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I am Rod Wynne-Powell, and this is my way to pass on snippets either of a technical nature, or related to what I am currently doing or hope to be doing in the near future.

A third-person description follows:
Professional photographer, Lightroom and Photoshop Workflow trainer, Consultant, digital image retoucher, author, and tech-editor for Martin Evening's many 'Photoshop for Photographers' books.

For over twenty years, Rod has had a client list of large and small companies, which reads like the ‘who’s who’ of the imaging, advertising and software industries. He has a background in Commercial/Industrial Photography, was Sales Manager for a leading London-based colour laboratory and has trained many digital photographers on a one-to-one basis, in the UK and Europe.
Still a pre-release tester for Adobe in the US, for Photoshop, he is also very much involved in the taking of a wide range of photographs, as can be seen in the galleries.

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Thursday, 25 July 2019

A Vast Nearby Lake

This area of Bedfordshire could well vie with the North of England for being a District of Lakes, due to the number of worked out Claypits, and I have made several trips to reconnoitred many to find ones that support varied wildlife habitats. On the Wednesday, I tried to trace one lake close by Stewartby, and found it appears to be totally enclosed and has become the site of an Incinerator very much against local opinion.
However, by the outskirts of the village is another lake, known as Quest Lake, and there do appear to be points of entry, with no signs displaying a lack of access, and so I decided to ascertain whether it might be a sanctuary for wildlife, or that it might be yet another potential characterless housing estate. I sincerely hope that it might be the former, and so entered and as I left the bordering woodland, my spirits rose as this was a place of natural beauty, although there were signs of the less thoughtful human activity of dumped bedding and discarded cans and beer bottles along a wide track encircling a beautifully undulating, steep-sloping bank to a blue expanse of lake. It certainly looked promising as the start point of a future gem. But I just hope that the abundance of hawthorn bushes is curtailed and a better choice of trees and bushes add to some of the ground cover.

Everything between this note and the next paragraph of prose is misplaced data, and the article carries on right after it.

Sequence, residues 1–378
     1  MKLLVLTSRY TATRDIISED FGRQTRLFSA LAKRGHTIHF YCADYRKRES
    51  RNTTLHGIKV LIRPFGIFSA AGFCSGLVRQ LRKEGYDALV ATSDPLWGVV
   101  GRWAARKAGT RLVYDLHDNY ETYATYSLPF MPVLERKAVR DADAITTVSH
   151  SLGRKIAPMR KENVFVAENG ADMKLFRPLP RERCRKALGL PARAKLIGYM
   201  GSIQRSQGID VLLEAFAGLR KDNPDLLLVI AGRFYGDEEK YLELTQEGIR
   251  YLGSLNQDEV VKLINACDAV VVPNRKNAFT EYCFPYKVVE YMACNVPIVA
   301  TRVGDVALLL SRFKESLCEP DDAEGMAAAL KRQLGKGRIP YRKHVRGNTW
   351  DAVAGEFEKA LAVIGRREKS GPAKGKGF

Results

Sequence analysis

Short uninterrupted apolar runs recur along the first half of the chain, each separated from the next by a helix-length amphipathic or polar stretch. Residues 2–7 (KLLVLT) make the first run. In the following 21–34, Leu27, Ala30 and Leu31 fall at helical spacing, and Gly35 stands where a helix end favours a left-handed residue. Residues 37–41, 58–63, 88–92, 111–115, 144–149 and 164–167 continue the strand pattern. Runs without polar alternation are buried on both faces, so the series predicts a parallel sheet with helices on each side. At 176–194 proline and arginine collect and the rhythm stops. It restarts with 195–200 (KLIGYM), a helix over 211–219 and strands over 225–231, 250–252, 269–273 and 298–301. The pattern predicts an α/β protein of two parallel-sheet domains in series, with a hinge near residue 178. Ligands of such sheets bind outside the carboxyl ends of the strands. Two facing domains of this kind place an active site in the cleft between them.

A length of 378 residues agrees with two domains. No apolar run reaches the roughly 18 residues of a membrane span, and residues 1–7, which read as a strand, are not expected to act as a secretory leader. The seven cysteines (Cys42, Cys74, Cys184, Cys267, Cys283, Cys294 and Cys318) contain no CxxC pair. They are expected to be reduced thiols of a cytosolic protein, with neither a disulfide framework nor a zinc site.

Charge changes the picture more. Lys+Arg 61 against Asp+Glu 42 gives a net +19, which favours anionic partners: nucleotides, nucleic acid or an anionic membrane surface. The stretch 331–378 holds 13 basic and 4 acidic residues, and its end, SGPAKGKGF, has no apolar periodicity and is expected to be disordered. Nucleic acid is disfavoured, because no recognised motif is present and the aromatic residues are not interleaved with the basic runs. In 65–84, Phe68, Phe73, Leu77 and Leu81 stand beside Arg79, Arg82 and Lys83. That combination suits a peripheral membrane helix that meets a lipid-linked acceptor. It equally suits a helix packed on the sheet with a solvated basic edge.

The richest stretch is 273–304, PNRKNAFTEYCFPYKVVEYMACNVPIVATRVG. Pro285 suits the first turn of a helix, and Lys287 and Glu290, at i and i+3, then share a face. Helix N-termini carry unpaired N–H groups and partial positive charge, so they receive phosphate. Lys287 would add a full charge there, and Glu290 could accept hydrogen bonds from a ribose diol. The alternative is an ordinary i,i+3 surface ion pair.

One really pleasing observation I made was a scattering of Buddleia bushes. Whether this was by design or happenstance I have no way of discerning, but it was a welcome sight. Some of this expanse does need protection from the ravages of wind and sunshine and soon, before any dormant seeds are simply blown away.
Also, what was sad to see was that the earlier incumbents had strewn much of the landscape with failed brick residue, making it hard for it to support much in the way of plant life. It is certainly my opinion that Hanson should have been forced to replace this with better quality soil, so that the scars from their labours could heal, and live again. Some trees and bushes chosen carefully in relation to the nature of the soil, and the attraction of animals, birds and insects to repopulate this landscape.
The current canvas is a wonderful starting point, and the worst aspects of human behaviour of treating open spaces as litter dumps should be actively proscribed, by heavy fines and spells of litter removal at uncomfortably early hours to ensure that when responsible visitors arrive each day the area is once again pristine. All fines should be invested in providing sustenance for volunteers for any improvement initiatives undertaken.
I met a young lady undertaking an inventory of some of the current species that call this place home, apparently on behalf of Bedfordshire County Council, which was welcome news, as this area should be cherished, enjoyed, and above all preserved and protected. So I hope the Quest name defines a promising future for this jewel of a place to shine.


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